This woman at the gate, could have an opportunity to be a machant I thought. I asked around to try to figure out how much it might cost to get a little business like this started. Several hundred dollars would do the trick, I was told. So I invested $200 of personal money into startup costs for cleaning supplies- household detergent, bleach and soap, for this lady to resell and start taking care of her baby. I drove her downtown, we bought the supplies and I even dropped her off at a spot near her house where she could start selling.

I was pleased with myself. I felt like a hero. Pat on the back, Shelley. You did the good deed.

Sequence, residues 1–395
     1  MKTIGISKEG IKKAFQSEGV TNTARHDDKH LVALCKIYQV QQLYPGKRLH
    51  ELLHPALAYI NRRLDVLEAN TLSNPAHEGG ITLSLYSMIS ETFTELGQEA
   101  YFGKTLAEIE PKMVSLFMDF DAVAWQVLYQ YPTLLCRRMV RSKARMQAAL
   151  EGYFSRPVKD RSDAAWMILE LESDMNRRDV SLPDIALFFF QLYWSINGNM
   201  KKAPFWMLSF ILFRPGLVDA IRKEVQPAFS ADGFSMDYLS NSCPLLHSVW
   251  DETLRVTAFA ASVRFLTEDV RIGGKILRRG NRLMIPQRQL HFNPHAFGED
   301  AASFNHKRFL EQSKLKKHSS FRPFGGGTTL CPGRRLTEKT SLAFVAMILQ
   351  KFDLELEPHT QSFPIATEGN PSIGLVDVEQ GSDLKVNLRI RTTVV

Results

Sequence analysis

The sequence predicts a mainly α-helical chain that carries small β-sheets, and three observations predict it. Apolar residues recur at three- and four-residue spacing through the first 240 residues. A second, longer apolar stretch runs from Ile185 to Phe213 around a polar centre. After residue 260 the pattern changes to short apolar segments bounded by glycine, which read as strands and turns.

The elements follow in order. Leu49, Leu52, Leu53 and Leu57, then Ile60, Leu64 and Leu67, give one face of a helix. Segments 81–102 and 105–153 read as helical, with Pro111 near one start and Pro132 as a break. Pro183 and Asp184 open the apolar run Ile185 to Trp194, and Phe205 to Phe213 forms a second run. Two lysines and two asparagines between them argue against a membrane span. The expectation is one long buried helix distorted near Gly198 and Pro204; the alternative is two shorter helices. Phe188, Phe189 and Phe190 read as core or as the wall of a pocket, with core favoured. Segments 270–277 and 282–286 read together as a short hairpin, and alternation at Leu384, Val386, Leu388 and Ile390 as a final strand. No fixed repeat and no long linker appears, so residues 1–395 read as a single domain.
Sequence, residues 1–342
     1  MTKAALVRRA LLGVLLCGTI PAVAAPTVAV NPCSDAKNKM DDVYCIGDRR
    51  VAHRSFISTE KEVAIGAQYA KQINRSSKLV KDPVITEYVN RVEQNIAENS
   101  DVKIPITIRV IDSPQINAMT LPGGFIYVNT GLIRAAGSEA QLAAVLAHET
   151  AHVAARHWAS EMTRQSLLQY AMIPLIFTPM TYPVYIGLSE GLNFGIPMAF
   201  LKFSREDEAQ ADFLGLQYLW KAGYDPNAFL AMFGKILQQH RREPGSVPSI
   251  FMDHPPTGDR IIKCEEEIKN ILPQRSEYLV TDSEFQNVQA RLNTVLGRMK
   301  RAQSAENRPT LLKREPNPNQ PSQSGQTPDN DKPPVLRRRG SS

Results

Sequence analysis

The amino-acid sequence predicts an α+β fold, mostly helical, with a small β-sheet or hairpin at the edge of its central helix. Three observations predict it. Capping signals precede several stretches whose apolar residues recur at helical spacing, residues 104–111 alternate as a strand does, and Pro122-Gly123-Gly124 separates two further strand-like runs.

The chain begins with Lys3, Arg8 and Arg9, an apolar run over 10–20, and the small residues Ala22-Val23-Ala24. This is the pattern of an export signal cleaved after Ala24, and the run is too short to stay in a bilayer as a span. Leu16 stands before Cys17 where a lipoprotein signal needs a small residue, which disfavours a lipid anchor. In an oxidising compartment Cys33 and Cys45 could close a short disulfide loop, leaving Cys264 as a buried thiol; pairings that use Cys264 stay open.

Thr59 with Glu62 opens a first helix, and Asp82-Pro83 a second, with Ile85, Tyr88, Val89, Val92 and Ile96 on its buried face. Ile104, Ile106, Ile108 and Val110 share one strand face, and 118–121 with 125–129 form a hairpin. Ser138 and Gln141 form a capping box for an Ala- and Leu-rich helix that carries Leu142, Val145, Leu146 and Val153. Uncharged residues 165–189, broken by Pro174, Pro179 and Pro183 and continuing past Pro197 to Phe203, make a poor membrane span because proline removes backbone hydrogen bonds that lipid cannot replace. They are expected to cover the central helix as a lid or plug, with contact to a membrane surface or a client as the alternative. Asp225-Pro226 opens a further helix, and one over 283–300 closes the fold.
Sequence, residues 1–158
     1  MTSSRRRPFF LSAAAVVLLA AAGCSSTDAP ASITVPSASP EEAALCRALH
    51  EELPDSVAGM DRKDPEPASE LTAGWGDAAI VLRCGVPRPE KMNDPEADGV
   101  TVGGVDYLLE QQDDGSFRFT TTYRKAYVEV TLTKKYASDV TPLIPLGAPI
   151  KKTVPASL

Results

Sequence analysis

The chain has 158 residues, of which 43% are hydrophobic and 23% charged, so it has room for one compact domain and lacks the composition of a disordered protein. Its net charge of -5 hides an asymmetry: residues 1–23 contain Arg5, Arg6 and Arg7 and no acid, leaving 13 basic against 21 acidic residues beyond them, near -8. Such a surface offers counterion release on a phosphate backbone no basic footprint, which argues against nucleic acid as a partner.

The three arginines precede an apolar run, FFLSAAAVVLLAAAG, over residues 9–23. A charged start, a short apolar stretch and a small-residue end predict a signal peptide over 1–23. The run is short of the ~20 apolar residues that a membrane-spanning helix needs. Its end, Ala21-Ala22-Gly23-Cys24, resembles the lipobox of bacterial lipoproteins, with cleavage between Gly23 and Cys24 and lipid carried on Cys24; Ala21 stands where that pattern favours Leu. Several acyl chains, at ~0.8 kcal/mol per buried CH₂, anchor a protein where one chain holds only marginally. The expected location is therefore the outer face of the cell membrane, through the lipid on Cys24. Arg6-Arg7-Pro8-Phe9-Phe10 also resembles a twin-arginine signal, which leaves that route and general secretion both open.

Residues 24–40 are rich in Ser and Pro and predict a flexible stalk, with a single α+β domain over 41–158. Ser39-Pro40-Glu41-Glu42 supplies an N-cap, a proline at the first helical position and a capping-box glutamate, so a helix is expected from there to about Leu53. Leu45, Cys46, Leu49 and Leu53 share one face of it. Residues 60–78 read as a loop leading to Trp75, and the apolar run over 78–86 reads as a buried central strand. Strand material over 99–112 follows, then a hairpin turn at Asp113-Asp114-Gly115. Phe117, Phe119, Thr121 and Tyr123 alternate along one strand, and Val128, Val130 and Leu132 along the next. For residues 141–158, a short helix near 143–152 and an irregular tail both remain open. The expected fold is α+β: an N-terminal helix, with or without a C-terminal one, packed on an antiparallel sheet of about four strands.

The next week, I went to check on her and came to find out that she was locking her infant son in her house in the dark all day by himself while she went to sell. The following week she was out of money and out of supplies.


This woman did not have the life skills or the stability that was required to be a successful machant. She either didn’t have the education to calculate the costs out or she felt like as long as this “blan” (me- the white girl) was helping her, that she would continue to get free stuff and didn’t need to manage the buying and selling. Handouts have crippled the mindset of the poor in Haiti and I have learned the hard way that often times, when there is a “blan” involved, there isn’t a sense of it being anything but a freebie and they know in all seriousness that they will probably just get another handout if things go awry. Responsibility for what one has been given goes out the window.